Edifier S2000MKIII Review
We’ve made it no secret for years that we’re quite a fan of Edifier’s bookshelf speakers. Certainly, if you are looking for a set that will also look good on your desk, in other words, that is useful for both your PC use and listening to music, you can hardly ignore them.
- Great sound quality
- A variety of inputs
- OLED display shows status
- No subwoofer output
- The power cable is not removable
- Treble is a little slimy at lower volume
Unfortunately, most manufacturers have left that market or make a “must-have” every few years, often with bizarrely high-power claims, only to sound like a cookie tin. And in the meantime, Edifier has also suffered from enormous shortages and unaffordable containers in a market with a wide range of speakers. A bit of the “good guy” in this day and age, and we love that.
Even from our luxurious position, the reality is that no fewer than three rooms here are equipped with Edifier speakers. But, of course, we don’t do that because we have an opinion about the brand, but only because we think they:
- a) Sound good
- b) Because they are damn practical with their inputs
These are the iconic S1000DB (big boy bookshelf speakers, now it is due for an MKII), the G2000 (affordable and compact 2.0 set), and the S880DB (mid-size, combines a beautiful sound with an attractive white design). Every one of these speakers we can still easily recommend today.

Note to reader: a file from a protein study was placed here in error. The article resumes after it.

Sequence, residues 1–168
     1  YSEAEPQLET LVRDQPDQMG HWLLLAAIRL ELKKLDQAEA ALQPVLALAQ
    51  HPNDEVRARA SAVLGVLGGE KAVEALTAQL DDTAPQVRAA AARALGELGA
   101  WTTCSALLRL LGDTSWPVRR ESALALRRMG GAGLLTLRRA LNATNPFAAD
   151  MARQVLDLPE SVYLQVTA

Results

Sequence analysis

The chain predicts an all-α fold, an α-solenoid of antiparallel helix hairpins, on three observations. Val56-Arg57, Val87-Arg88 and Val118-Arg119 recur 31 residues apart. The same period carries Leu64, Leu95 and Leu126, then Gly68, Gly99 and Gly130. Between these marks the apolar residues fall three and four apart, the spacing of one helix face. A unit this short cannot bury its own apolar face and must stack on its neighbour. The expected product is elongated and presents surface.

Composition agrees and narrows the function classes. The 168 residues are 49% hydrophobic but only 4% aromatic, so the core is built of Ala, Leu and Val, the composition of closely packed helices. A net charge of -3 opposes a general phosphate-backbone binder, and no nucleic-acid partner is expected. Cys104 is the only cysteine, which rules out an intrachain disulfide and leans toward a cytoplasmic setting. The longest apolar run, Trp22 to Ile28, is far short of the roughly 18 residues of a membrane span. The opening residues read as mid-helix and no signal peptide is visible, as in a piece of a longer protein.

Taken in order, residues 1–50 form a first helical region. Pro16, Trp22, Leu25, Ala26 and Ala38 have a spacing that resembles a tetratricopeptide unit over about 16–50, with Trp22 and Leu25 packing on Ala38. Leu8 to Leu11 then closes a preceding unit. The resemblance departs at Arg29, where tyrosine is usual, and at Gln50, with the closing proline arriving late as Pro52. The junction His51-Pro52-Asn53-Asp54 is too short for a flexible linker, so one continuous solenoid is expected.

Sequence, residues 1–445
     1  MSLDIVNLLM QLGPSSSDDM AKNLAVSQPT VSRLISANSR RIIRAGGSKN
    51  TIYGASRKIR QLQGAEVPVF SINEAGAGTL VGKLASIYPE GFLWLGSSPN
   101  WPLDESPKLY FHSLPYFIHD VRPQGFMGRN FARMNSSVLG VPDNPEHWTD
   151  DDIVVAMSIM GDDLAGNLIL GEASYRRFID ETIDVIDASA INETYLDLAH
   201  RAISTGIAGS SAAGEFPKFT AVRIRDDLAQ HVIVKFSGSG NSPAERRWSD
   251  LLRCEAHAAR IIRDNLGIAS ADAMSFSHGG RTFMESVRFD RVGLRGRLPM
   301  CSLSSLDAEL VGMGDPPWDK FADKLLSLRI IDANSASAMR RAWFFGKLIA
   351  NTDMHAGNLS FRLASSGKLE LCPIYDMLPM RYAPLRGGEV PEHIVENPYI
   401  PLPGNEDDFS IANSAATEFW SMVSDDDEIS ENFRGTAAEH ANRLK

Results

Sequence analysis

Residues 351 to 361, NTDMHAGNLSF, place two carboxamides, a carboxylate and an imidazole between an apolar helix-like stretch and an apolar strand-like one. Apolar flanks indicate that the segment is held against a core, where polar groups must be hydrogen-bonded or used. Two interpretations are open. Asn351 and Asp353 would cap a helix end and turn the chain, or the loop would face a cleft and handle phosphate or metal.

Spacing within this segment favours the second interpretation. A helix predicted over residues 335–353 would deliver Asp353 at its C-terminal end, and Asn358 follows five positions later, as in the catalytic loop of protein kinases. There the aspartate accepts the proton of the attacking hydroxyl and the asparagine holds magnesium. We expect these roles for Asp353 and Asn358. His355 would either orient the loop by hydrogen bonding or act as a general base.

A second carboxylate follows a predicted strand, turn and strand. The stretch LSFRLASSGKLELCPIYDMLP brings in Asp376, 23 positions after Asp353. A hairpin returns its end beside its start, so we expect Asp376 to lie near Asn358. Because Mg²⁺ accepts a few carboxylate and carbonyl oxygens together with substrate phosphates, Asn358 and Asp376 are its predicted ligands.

Today, however, I’m going to talk about a newer “big boy” set, the S2000MKIII—an active speaker set with many connection options and quite a few kilos. Again, not a budget set, but if this is within your reach, definitely one to seriously consider.
My (extremely positive) review about the S1000DB is now more than five years old. At the time, it was Edifier’s largest bookshelf speaker. That must have been a success for them because since then, they have released the necessary successors and relatives in that big boy class, a revision, the S2000 series, the S3000 series, and a few other derivatives. And terms like “big” and “big boy” aren’t an exaggeration; they’re almost 20cm wide, 28cm deep, and just under 35cm high. Oh, and together they weigh 17 kilos; think of your back when the package is delivered.
These are speakers that require a lot of space on your desk (or cabinet or bookshelf). Size normally benefits sound, but it’s a valid point if you prefer something smaller. The enormous size was one of the reasons that the lady here chose the S880DB over the older S2000; not everyone will be charmed by monsters on your desk, no matter how sturdy and chic wood they may be.
However, if you have that space, it’s nothing but enjoyment because these things sound fantastic. The large size provides large primary drivers, excellent tweeters, and a bass reflex port on the back. It delivers a lot of volumes if you want it, but above all, a nice full sound at more practical volumes, plus what a good speaker from a mediocre distinction, still good detail when you set the volume very low. It’s that flexibility that makes these sets so great, in my opinion. Popping now and then, and then enjoying quietly again with some background music.